Is it time to replace your car's tires? You can usually tell by checking the tread. If you place a penny head-down into the tire tread and can see Abraham Lincoln's head, you need to replace it. But with so many different tires available for sale, how do you know which ones to choose?
Check the Recommended Size
First and foremost, check the recommended tire size for your car. Different cars require different sized tires for maximum performance. You can usually find the recommended tire size either on the driver's side door jamb (open the door and look on the side), or in the owner's manual.
When looking at the recommended tire size, you'll notice several numbers, such as P185/70R14. This indicates the tire's measurements, including the width and diameter. Take a note of this label and use it for reference when choosing new tires.
In addition to the size, you should also consider the type of tire for your car. All-season tires, for instance, are specifically designed for enhanced traction in weather conditions and long mileage. They typically cost more, though many drivers believe they are a smart investment due to their increased mileage.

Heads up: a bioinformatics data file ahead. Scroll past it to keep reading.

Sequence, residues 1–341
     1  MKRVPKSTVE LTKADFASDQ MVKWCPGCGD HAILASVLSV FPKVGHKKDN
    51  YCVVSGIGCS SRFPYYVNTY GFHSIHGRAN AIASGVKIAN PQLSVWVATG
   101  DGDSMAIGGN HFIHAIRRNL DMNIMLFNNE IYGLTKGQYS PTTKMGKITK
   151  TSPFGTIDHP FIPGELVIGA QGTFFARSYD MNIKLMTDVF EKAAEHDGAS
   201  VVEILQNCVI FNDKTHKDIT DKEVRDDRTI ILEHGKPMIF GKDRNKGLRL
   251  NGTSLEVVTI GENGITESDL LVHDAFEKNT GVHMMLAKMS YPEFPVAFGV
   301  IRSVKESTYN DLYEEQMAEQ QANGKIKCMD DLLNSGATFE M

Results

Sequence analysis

There are also winter tires, which features deeper tread and more sipes to reduce the risk of spinout and collision during icy conditions. Other common tire types include performance all-season, ultra-high-performance all-season, and all-terrain (for trucks).
Hopefully, nothing happens to your new tires, but it's still a good idea to choose tires with a strong warranty nonetheless. Because as the saying goes, "hope for the best but prepare for the worst," holds true in this instance.
The good news is that nearly all major tiremakers offer some type of warranty regarding the tread. and/or mileage. If your tired wear down due to "natural" usage before this period, the manufacturer will replace them. However, you'll typically need to provide proof that your tires were rotated at the recommend times to quality for a warranty replacement.
Of course, you should also consider the cost when choosing car tires. Depending on the specific type of tire, they can range from just $40 to $250 -- or sometimes even more. With that said, cost isn't always an indication of quality. There are plenty of inexpensive tires that perform just as well as their more expensive counterparts.